Peter Menadue. Crooked House. Harris Street Publications, 2011.
A few self-published works have turned up in the course of my Canberra journey, and I think Crooked House has been the most enjoyable so far. I’m pretty sure that Peter Menadue doesn’t like Canberra very much, but I can forgive in this case because of the bone dry wit he brings to his story.
Crooked House’s Paul Ryder settles comfortably into the mould of hard drinking, womanising, old-school journalist. He is barely keeping it together, although he’s found a good woman who may just keep him on the straight and narrow this time around. One of his more recent indiscretions has caused him to be sacked from his last job, and now he’s stuck as the Canberra press gallery reporter for the Launceston Herald, babysitting the boss’ son who only has to “keep breathing” longer than his father to succeed in life.
The Herald only keeps a Canberra political reporter on staff for the prestige of it, and keeps burying the big political stories under acres of coverage of lost bushwalkers. So Paul has little pressure and plenty of time to pursue other lines of inquiry when he finds himself caught up in the murders of two women associated with the man who is about to challenge his party’s leader for the prime ministership.
The story’s not that important really, and you can probably guess the major plot points. Ryder’s journalistic nosing around starts to uncover what looks like serious corruption and crime, but powerful people are on his case and soon his life is in danger. He’s got to use his smarts to outwit the vested interests of political hangers-on, the cops who may or may not be in their pay, and the shadowy underworld figures who have jobs to do and their own and others’ interests to protect. In the meantime he has a relationship to try to keep together, a daughter who is growing up in front of him, and a glimmer of career rescue on the horizon.
What stops Crooked House from being just another largely forgettable self published bit of pulp crime fiction is its humour. Mendue is a dab hand at the one-liner, and this wry look at the world and the pacey plot kept me going along fairly happily. Paul’s bureau colleague, the boss’ son is “almost too stupid to roll rocks down a hill”, and can’t be left alone on a story because “he probably wouldn’t notice if the army started shelling Parliament House.” In relaying his problems to his partner, Anne, Paul fears that she had “suddenly realised she’d never really known me at all, because I was a deranged fantasist.” His physical stoush with his nemesis and former boss involves “[rolling] around on the floor, punching the air and collecting carpet lint.” Their verbal confrontations run like this:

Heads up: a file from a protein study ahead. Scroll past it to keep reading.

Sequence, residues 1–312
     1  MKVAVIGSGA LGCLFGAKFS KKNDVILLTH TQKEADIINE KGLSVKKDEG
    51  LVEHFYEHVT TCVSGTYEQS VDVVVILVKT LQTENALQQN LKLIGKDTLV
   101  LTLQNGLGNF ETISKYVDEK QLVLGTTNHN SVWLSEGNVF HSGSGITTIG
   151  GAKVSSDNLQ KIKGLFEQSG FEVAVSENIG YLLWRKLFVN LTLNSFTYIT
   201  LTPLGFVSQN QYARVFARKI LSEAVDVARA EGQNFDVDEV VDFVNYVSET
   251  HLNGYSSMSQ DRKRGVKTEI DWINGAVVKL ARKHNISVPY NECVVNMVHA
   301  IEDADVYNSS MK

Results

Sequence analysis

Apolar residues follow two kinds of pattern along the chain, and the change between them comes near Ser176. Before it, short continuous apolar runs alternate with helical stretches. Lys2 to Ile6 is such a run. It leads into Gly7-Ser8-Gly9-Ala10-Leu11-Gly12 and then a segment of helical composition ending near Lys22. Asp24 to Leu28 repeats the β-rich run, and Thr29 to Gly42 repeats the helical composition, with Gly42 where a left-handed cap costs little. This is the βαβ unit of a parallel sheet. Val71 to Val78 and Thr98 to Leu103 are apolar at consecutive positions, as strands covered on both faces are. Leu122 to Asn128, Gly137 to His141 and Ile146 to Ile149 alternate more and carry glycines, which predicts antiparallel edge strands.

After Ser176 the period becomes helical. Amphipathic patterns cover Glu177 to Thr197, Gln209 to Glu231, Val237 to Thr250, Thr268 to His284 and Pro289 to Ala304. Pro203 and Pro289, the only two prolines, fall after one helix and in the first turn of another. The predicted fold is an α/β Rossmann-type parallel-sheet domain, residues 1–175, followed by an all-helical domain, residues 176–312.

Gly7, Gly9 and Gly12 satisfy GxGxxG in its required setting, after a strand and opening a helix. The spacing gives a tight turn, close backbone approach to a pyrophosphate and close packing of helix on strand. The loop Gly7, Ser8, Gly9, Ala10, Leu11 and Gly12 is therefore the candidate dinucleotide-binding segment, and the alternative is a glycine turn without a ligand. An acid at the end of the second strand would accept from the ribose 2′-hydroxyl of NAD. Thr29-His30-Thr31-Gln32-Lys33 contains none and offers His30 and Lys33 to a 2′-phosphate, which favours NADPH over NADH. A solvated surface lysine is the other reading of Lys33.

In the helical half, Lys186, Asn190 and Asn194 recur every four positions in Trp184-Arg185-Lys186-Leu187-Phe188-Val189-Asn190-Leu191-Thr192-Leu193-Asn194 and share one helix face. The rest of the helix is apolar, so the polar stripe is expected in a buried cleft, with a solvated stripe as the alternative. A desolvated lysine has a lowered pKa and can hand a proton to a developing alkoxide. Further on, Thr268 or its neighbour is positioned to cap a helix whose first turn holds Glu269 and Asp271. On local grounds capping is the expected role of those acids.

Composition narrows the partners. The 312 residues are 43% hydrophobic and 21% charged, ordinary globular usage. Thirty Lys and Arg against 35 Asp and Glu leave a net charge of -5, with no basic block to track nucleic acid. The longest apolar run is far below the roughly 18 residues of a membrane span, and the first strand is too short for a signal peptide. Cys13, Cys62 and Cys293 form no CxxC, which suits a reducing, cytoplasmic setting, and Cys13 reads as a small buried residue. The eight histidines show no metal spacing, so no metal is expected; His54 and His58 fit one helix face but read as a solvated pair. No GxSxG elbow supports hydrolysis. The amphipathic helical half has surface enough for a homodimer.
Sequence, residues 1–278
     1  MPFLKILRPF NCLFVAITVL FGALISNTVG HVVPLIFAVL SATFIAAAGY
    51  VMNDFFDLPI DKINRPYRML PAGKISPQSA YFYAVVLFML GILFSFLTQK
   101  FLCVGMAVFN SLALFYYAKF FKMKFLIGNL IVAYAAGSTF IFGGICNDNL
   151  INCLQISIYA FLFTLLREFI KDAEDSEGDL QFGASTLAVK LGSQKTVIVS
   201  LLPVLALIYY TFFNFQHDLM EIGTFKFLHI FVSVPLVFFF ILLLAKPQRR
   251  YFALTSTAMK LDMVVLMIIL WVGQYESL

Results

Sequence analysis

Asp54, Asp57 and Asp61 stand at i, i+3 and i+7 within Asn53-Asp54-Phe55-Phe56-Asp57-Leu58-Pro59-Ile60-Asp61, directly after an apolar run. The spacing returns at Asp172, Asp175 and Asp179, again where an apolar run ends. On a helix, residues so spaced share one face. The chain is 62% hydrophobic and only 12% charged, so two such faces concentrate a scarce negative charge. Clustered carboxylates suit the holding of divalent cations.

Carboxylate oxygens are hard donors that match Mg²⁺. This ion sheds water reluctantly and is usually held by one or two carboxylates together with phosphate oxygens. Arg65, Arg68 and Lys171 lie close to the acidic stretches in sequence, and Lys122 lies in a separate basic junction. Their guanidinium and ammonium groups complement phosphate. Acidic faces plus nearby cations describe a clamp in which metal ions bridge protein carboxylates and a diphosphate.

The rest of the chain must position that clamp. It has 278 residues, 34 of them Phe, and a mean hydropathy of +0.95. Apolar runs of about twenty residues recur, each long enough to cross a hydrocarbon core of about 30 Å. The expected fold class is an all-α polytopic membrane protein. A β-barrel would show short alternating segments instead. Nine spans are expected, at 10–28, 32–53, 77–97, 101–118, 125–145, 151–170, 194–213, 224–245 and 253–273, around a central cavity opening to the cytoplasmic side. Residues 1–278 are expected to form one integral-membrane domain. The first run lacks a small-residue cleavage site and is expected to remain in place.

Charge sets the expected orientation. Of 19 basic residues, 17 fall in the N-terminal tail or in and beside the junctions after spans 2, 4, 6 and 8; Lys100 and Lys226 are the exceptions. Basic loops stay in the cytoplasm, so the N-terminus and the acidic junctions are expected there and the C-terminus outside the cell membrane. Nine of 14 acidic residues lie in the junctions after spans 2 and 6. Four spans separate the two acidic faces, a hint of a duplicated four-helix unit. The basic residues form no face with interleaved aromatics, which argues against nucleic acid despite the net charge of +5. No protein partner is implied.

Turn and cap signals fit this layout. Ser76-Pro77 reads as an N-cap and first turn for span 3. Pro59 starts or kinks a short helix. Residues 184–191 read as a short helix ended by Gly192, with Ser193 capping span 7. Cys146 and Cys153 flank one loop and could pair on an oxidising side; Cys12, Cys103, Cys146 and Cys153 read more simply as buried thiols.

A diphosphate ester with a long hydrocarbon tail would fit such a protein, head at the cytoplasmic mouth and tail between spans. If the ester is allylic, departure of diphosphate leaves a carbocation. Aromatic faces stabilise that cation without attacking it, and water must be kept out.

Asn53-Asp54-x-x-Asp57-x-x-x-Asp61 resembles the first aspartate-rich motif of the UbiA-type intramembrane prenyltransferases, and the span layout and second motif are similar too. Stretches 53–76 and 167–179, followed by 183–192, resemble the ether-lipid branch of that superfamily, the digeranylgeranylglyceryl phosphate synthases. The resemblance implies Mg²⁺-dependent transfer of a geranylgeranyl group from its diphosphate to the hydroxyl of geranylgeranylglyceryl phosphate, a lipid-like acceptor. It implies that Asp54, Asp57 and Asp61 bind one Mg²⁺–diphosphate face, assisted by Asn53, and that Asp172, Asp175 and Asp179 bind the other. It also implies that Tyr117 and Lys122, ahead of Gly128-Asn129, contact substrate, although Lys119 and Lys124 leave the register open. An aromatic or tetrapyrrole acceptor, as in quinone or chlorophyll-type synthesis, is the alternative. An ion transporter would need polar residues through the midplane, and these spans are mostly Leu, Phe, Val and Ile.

His face reddened. “Fuck off.”
“No, you fuck off.”
“No, you fuck off.”
It’s hard to believe, isn’t it, that we were professional wordsmiths.
I laughed quite a bit, although, as I said, Mendaue, or at least Paul Ryder, doesn’t like Canberra much:
Canberra is a strange, unnerving city in the middle of nowhere… If a competition was held to find the world’s most boring city it would win hands down, if the judges could be bothered visiting… Canberra has no centre, no ghettos, no ethnic quarters, no red light districts and no industrial zones. It’s just a vast archipelago of suburbs scattered through bushland and linked together by four- and six-lane expressways. In Canberra, it’s easy to drive anywhere, but there’s nowhere worth driving to.
I’ve often wondered at the recurring theme that you can’t have a real city without a ghetto, that somehow finding yourself in a zone filled with poverty and desperation makes living in a city worthwhile. And he’s wrong about the red light districts. They are in the industrial zones. Nevertheless. The Canberra-is-boring attitude also translates into the usual grab bag of references to actual places inaccurately described, or at least poorly understood. This imprecision isn’t important either, and there is nothing wrong with placing a seedy model in Yarralumla and a gym in Barton if that furthers the plot. The repeated references to the “Captain Cook Bridge” were annoying, though, and pointed me towards someone who has a superficial knowledge of the place but hasn’t taken the time to explore further.
Canberra architecture also comes in for Menadue’s deftly humorous criticism:
Most office buildings in Canberra are either outback neo-Stalinist or middle-of-nowhere modernist. Instead of being sympathetic to the landscape, they look like they hated it and wondered what the hell they were doing there.
It’s not all bad. On a “glorious” day Paul sits in the Queen’s Terrace Café at Parliament House, gazing at the lake, the High Court, OPH, the Library and War Memorial, and thinks of how in less pressured times he would have enjoyed the view. He has quite recently, though, been run off the road at Anzac Parade by a couple of thugs with guns, discovered dead bodies in Woden and in Campbell, and had to buy a whole new wardrobe in Manuka to replace his bloodstained suit. Given all of that, he could be forgiven for failing to see Canberra in its best light.